Training at the Harvard Art Museums: Suzanne Karr Schmidt
The Harvard Art Museums have trained scores of museum leaders who have gone on to make remarkable contributions to the curatorial, conservation, and education fields. We offer a number of opportunities for emerging graduate and postgraduate scholars interested in the production and presentation of original scholarship within the museum context. In this regular series of interviews, we catch up with these museum professionals to see where they are now.
Suzanne Karr Schmidt, Lynn and Philip A. Straus Curatorial Intern at the Harvard Art Museums, 2006–7
Q What is your current position?
A I’m the Assistant Curator in the Department of Prints and Drawings, at the Art Institute of Chicago (AIC). There I curate exhibitions of works on paper (prints, drawings, and books) for spaces of various sizes throughout the museum. I also research and catalogue acquisitions and permanent collections material, mainly German works on paper from the 15th to the 19th century, books, and ephemera of all eras. I work with donors; mentor interns and oversee individual study room appointments; travel with art on courier trips; organize conference sessions and lecture to local, national, and international audiences on the AIC collection and on my own research; regularly contribute posts to the museum blog about the Prints and Drawings collection; and further develop the collection of digital books (Turning the Pages) for online and in-exhibition viewing.
Q What have you gone on to do following the completion of your internship at the Harvard Art Museums?
A Directly after working at Harvard, I was lucky to be able to continue my research for the Harvard Art Museums exhibition Prints and the Pursuit of Knowledge in Early Modern Europe (curated by Susan Dackerman, Carl A. Weyerhaeuser Curator of Prints), in Germany and Austria as a Baird Fellow. Serving as a Baird Fellow is a fantastic opportunity open only to Harvard Art Museums interns and Fellows. The funding covered a significant amount of European travel to see original objects (many of which would later become part of the show), and it allowed me to come back to Harvard to give a lecture on my in-progress research. It made my final essay and catalogue entries significantly stronger as well.
My initial role at the Art Institute of Chicago was as a postdoctoral Andrew W. Mellon Curatorial Fellow, which involved curating an exhibition and writing the catalogue Altered and Adorned: Using Renaissance Prints in Daily Life. This permanent collection show in the main Prints and Drawings galleries, which included prints, books, and other objects related to prints, ended up opening before Prints and the Pursuit of Knowledge. As an extended discussion of the functions of early prints, the two shows covered some common ground, much of which also pervaded my doctoral research at Yale.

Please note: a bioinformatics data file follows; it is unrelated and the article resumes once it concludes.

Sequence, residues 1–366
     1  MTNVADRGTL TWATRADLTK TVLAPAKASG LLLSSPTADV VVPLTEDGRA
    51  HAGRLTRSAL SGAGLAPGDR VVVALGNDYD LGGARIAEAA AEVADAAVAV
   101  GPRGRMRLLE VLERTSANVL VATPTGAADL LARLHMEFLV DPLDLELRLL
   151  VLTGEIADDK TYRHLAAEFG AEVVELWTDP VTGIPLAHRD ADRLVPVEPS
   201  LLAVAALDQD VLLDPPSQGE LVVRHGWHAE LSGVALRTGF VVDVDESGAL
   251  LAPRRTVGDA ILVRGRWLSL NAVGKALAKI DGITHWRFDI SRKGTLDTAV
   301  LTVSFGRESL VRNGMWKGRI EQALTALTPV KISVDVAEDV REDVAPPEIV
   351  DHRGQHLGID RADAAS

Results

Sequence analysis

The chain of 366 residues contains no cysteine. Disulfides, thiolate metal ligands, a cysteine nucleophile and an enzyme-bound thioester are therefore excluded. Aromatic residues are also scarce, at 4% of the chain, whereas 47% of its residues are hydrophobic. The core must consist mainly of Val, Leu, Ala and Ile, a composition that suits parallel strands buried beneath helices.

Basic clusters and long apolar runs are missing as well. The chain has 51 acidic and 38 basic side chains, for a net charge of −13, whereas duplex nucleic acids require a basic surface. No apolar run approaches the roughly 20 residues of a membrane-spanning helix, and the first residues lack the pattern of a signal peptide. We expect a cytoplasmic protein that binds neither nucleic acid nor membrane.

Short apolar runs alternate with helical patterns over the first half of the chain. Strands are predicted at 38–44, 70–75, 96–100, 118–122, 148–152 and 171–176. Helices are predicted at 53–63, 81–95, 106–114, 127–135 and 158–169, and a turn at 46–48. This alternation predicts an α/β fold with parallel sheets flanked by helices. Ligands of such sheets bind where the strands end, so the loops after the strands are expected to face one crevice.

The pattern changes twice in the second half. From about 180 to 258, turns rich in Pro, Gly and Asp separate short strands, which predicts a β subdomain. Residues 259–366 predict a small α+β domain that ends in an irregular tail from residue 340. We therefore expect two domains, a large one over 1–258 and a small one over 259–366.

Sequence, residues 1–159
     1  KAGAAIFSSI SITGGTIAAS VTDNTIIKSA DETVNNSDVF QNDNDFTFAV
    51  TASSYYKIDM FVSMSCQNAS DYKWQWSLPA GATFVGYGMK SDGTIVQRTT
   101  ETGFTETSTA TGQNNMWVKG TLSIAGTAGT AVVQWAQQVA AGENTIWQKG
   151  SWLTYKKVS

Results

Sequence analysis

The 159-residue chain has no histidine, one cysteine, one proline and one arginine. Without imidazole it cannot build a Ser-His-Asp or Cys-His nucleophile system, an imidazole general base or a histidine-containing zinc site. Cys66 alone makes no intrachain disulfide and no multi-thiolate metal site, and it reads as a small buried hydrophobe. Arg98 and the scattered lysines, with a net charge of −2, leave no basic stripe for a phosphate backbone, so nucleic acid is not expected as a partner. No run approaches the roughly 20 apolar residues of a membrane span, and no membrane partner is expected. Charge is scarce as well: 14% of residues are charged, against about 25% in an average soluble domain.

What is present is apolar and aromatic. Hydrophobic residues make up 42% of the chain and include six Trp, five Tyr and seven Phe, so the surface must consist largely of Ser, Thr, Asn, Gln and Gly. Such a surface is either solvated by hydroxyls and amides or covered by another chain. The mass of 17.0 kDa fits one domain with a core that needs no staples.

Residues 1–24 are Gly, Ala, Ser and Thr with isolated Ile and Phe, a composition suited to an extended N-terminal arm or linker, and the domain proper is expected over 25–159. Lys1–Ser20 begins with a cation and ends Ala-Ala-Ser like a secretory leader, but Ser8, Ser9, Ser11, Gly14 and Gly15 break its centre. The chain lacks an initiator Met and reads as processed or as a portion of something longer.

I kept working on Prints and the Pursuit of Knowledge while at Chicago. I also participated in related opening events and symposia at Harvard and gave tours at the second venue in the nearby Block Museum at Northwestern University. I was particularly thrilled to be awarded an honorable mention in 2012 for the Altered and Adorned catalogue by the International Fine Print Dealer’s Association at the same time that Susan Dackerman won the main award for her book Prints and the Pursuit of Knowledge in Early Modern Europe, further validating this type of prints research!
Q How did your training at the Harvard Art Museums help you to prepare for the work that you are doing now?
A I worked on exhibition projects of various sizes, from rotations of a few prints in the permanent collection galleries to a small exhibition (DISSENT!), to the first stages of Susan Dackerman’s Prints and the Pursuit of Knowledge. There is a similar range of exhibition opportunities at the Art Institute, so being able to conceptualize interesting art installations on any scale was an important talent to learn. I also did a fair amount of research and cataloguing of potential gifts [at the Harvard Art Museums], and I saw a wide range of print media in the process. Working with other interns and Fellows on a collection-wide handbook was very work-intensive, but an equally good experience in identifying the collections’ highlights and writing very short and accessible descriptions about them. With the increasing importance of enhanced digital content, terse, but appropriate, art historical texts are in constant demand at museums everywhere.
Q Was there a specific experience in your training at the Harvard Art Museums that you found particularly powerful?
A I was very impressed by the enthusiasm for prints Susan Dackerman was able to instill in her committee members, as well as in a group of young donors she escorted to a New York City dealer’s apartment. Making printed material of any era accessible to a variety of audiences is vital at a university museum; every potential acquisition we discussed or exhibited always became fascinating and deeply relevant. Helping organize the Harvard Art Museums’ Print Rental program was another amazing experience, which allowed undergraduates (and faculty) to borrow real art prints for the year for a nominal sum. Some of the prints bought for that program in the 1970s became part of the permanent collection while I was at the museums, suggesting that it was also a good investment for the museums to buy young artists’ work before they become better known.